HARKER HEIGHTS — After more than 10 years of focus groups and forums, the proposed Heights Overlay District No. 1 along Farm-to-Market 2410 is still a hot-button topic in Heights.
Discussed at great lengths by council members following a presentation Tuesday, the overlay would follow a zoning ordinance amendment and set standards for current and future buildings, parking, signage, landscaping, screening, buffering and street appearance over the next 20 years.
City Manager Steve Carpenter and Planning and Development Director Fred Morris said the overlay should promote a low-speed boulevard, or “Main Street,” feel.
The purpose of all this, Morris said, is to add character to the area, giving it the appearance of a city hub, rather than just a thoroughfare and to have a system in place as the city continues to grow.
“We are doing an awful lot of speculating on what we think people want. What we need to do is send out a survey and find out exactly what people think,” said Councilman Sam Murphey.
Mayor Mike Aycock, as a business owner along the strip himself, also addressed concerns about existing property owners having access to their respective businesses. He proposed creating more detailed renditions of how the overlay will affect their livelihoods by giving residents a more concrete visual on what’s to come.
Before several public hearings, Morris said his staff sent out more than 1,400 notices about the overlay to businesses along the 2.4-square-mile Knight’s Way corridor extending southeast from U.S. Highway 190.
Business owners’ concerns
Despite the opportunities for residents to speak in favor or against the development tool, Kwik Kar Lube & Tune owner Robert Kitchenmaster said the city’s development standards are already strict.
Although he sees some positive outcomes from the overlay, he feels business owners’ voices and concerns are falling on “deaf ears.”
“To the city’s credit, to one degree or another, this is probably a good thing because who doesn’t want nice streets, sidewalks and trees,” he said. “I’m concerned about the unintended consequences this could stir up.”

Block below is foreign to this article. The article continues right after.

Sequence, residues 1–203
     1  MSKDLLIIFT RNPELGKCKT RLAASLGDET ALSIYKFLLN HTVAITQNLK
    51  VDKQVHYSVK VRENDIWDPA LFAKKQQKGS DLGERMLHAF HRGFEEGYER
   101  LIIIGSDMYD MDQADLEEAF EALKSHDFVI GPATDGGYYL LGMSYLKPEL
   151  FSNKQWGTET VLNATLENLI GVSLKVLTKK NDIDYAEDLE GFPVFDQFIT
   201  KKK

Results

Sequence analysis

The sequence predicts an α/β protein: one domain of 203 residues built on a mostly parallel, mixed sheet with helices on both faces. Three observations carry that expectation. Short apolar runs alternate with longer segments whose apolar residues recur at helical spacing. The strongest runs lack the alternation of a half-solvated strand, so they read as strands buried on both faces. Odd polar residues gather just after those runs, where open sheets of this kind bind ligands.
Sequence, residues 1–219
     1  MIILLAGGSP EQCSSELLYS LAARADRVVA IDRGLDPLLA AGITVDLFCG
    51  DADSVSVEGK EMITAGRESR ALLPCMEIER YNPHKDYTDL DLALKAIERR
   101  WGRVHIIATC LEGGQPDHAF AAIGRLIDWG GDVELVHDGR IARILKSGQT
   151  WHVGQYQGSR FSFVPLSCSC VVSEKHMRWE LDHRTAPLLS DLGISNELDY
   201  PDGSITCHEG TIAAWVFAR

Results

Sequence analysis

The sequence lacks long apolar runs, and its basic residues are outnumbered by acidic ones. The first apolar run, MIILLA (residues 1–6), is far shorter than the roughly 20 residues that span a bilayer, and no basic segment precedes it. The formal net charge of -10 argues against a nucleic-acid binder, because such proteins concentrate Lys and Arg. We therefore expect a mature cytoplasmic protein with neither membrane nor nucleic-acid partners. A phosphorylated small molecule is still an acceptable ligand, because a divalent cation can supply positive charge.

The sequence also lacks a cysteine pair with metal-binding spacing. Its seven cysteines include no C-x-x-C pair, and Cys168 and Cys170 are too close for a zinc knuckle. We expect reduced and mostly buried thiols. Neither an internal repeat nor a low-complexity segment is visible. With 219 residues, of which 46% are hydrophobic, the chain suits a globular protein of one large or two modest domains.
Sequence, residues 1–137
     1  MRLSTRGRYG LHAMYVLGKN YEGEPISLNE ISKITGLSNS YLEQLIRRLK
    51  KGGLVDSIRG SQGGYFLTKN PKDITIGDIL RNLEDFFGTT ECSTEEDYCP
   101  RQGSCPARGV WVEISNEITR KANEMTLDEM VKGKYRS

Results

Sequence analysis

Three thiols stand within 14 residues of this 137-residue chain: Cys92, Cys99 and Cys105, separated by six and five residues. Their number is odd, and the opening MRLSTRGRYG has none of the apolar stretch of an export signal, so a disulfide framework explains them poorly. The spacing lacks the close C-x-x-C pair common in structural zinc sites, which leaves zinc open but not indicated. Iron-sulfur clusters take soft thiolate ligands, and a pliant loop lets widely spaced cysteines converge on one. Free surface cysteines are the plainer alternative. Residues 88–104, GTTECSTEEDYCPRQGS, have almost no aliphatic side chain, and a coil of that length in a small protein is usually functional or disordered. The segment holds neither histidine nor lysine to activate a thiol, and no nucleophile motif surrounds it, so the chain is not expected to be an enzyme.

City officials said existing businesses will be “grandfathered in,” which is exactly what Kitchenmaster is concerned about.
“Grandfathering has rules and they have not set them yet,” he said. “This city is more concerned on what it wants for itself instead of working with business owners. We are a part of this city whether they like it or not.
“It’s going to be a give-and-take process, but if we can have a better dialogue, we can meet somewhere in the middle where everyone will win. I want to work with the city and see what we can do. ... We can make it look nice and be business-friendly at the same time.”
Specific development standards could foster residential and business compatibility, draw national investors, and raise land values, which is a key for sustainability in a land-locked city like Harker Heights, Carpenter said.
“This is a wonderful idea and is much needed because 2410 is our Main Street,” said Jean Shine, owner of Shine Team Realtors.
She added that as long as the overlay doesn’t overprice the land to the point it can’t be sold, she is on board. “This is area is our future and it needs to be presented as the warm and welcoming town that it is so we can continue to attract families and keep the family feel going in Heights.”